I don’t say any of what follows to scare you or to mis-characterize Mormons so please understand that. From my perspective, they worship a false god (See Exodus 32) so that means to me that they worship a demonic god. I don’t want my daughter to be exposed to those kinds of spirits if I can avoid it. I know that statement is going to rub all Mormons and even some Christians the wrong way but if you look at it logically, if you are not worshiping the One True God, then there is only one other option.

Will your kids be singing and praying in the LDS services?

Could they be agreeing with songs of worship and prayers offered to a false god without realizing it? Watch this sermon to understand my perspective on this.

Does that open them up to the influence of demonic spirits?

Does it give the Mormon family a greater sense of legitimacy as being another Christian church?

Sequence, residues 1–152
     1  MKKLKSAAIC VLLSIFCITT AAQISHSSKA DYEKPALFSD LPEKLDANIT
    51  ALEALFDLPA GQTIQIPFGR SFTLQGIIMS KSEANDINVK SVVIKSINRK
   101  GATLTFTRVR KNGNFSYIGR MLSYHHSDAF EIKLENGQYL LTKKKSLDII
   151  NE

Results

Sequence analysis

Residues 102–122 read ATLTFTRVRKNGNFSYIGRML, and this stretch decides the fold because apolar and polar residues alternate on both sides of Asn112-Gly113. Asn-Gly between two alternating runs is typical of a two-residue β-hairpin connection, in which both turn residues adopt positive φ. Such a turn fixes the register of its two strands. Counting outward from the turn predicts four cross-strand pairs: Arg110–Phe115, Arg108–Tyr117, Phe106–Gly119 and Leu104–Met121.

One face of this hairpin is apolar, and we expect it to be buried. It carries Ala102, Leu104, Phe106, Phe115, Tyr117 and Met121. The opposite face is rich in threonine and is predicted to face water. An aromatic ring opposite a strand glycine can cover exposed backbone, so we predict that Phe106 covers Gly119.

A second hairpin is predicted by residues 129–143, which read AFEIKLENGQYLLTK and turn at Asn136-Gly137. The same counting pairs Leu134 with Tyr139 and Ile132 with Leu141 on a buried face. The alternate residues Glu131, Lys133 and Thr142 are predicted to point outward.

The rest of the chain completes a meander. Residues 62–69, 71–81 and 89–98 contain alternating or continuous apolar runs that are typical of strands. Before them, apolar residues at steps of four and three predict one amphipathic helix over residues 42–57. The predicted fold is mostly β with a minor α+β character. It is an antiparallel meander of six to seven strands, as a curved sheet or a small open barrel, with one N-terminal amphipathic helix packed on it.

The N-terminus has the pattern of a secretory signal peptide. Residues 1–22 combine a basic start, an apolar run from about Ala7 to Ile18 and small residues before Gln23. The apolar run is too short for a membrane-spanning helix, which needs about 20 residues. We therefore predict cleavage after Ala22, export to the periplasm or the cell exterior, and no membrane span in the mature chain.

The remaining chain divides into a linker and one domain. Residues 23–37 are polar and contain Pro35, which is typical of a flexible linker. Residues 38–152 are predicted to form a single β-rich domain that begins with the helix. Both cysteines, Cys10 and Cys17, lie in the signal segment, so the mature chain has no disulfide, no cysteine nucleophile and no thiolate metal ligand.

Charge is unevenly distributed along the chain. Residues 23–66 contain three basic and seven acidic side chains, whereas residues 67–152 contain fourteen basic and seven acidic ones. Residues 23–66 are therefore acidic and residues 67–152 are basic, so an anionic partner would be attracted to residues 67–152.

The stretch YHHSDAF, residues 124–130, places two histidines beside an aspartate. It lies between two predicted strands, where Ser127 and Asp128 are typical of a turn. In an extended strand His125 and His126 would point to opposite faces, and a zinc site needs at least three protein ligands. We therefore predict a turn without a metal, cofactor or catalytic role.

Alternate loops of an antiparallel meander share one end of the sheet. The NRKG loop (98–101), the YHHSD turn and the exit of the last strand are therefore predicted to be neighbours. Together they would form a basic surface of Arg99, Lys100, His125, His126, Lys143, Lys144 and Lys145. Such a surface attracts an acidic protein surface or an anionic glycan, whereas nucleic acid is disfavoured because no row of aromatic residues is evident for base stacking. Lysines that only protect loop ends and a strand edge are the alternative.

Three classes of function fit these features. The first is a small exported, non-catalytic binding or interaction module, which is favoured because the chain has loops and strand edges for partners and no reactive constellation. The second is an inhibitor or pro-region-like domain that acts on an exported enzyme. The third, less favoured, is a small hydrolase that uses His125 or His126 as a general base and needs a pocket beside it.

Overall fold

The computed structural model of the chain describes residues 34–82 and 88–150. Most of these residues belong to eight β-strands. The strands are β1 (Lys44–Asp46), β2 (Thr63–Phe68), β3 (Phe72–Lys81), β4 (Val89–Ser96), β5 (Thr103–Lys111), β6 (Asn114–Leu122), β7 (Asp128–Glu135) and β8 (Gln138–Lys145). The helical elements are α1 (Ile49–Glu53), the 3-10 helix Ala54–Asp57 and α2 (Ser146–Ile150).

I have my own answers/opinions to those questions but they are something you need to prayerfully consider. Letting your kids go with their LDS friends is not always wrong.

Here is what my advice would be if you do let your kids go to the Mormon church.

1. Consider going with them.

2. Pray over them before they go and when they come back.

3. Give them an assignment. If they are old enough to go to church with friends, they are most likely old enough to understand at least the basic concepts of Christianity. So have them go with their eyes and ears open for teachings that appear to be either slightly off or completely unique to Mormonism. Then after church, discuss 2-3 of those things and study the Bible together about those topics to understand what God says about that point of doctrine. That way, they are not confused. They will also gain some great experience in the Word and learn how to defend their faith.

4. Propose a church swap with both the parents and kids if possible. Most LDS kids are willing to make a commitment to go to church with you if you go with them but the parents are less likely to go. If they do agree to this, try a Saturday night service so it does not interfere with their normal Sunday meetings because most likely they are serving in some way and cannot miss church.